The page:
In addition, one may filter the risk scores 322 to specify a range of risk scores, or even non-contiguous ranges of risk scores using Boolean operators. The control scores 324 may be filtered in the same manner. Filtering may also be used to specify only those applications meeting a predetermined criticality/cost criterion 446 or those present in a particular sector.

It should be evident from the foregoing that each assessed application has a corresponding data point in some multi-dimensional hyperspace. And in one embodiment, these dimensions include three separate individuals, a risk score, a control score, a criticality parameter, a cost parameters, and the like. It should also be evident that one may use the RET to focus in a particular subspace of this hyperspace, or even on a single application by using the provided filtering capabilities. The resulting filtered scatter chart thus enables views of individual applications or application groups along dimensions of inherent risks, controls, business criticality and application total cost of ownership.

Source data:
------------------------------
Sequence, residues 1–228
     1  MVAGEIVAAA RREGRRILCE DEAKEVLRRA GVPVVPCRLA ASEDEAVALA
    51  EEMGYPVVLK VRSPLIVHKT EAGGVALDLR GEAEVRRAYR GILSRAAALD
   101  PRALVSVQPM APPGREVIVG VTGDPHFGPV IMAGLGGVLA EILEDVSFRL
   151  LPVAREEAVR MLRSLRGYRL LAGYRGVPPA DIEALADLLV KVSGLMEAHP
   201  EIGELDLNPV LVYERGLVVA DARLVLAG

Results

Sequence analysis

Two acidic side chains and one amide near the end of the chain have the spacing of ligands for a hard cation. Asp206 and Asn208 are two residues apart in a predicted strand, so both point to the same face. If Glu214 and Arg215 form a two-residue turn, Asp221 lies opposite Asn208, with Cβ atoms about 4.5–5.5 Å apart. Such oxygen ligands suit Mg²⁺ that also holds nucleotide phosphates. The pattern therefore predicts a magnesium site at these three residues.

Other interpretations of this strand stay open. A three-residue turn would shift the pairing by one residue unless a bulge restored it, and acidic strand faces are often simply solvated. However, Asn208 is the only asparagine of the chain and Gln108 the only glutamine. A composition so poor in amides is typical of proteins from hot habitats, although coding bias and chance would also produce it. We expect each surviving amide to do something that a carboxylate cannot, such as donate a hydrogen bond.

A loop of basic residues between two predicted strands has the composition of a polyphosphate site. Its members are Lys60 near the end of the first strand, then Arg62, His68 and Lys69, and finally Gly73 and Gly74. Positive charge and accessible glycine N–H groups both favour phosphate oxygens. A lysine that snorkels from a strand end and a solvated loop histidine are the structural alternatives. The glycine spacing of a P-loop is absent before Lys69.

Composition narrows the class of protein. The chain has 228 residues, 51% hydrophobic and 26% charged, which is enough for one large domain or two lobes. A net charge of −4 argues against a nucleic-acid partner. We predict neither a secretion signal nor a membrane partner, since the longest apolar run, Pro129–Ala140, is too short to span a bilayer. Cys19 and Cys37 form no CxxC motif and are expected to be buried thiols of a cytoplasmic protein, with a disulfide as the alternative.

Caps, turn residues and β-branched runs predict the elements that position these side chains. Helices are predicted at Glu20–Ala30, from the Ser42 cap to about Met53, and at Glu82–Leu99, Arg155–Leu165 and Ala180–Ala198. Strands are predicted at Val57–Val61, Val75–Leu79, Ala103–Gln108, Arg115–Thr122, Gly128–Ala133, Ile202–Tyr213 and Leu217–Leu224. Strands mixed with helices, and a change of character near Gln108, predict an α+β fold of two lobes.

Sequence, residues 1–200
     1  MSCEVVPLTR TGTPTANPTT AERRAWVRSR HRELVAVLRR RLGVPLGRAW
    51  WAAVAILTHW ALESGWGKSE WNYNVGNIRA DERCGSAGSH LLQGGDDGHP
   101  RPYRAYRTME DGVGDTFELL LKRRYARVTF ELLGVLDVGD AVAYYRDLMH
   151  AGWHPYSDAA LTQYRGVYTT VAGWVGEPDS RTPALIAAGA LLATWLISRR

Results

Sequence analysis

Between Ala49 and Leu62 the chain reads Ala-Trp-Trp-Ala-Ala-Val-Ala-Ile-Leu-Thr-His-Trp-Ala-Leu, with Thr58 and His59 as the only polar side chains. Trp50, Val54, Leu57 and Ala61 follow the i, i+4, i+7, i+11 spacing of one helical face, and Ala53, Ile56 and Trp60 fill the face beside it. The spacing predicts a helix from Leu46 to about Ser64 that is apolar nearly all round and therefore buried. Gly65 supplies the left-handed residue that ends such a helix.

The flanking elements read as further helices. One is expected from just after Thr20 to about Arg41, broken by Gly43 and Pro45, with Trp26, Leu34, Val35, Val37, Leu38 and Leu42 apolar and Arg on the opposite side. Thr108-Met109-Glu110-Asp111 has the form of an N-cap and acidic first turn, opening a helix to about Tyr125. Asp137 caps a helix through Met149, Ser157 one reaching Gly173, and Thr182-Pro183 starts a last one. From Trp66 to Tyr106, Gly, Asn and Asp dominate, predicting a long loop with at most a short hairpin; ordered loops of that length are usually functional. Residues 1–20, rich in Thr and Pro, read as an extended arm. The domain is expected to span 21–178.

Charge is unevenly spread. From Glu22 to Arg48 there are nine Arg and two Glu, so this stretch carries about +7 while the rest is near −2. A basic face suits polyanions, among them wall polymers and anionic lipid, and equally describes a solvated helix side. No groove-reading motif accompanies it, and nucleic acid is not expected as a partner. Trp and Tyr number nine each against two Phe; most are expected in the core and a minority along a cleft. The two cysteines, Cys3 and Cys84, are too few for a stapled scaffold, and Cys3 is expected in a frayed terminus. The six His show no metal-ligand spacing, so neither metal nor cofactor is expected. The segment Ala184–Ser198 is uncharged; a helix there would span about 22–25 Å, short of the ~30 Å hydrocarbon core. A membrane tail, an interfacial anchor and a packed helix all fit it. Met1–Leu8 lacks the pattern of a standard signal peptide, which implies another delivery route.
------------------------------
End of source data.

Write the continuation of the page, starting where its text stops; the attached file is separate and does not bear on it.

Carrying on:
FIG. 10B shows a filtered scatter plot 450 resulting from specifying (i.e., filtering) the following triplet of responsible individuals: Group Executive (named “Person 4”) 451, Technology Executive (named “Person 6”) 452 and Application Manager (named “Person” 17) 453. Only those applications having this combination of responsible individuals are then plotted on the scatter plot 450, and the other ‘filtered’ columns 454 simply present the corresponding values and parameters. Thus, in one aspect, the RET can be used as an accountability tool that links responsible individuals to the applications under their purvey.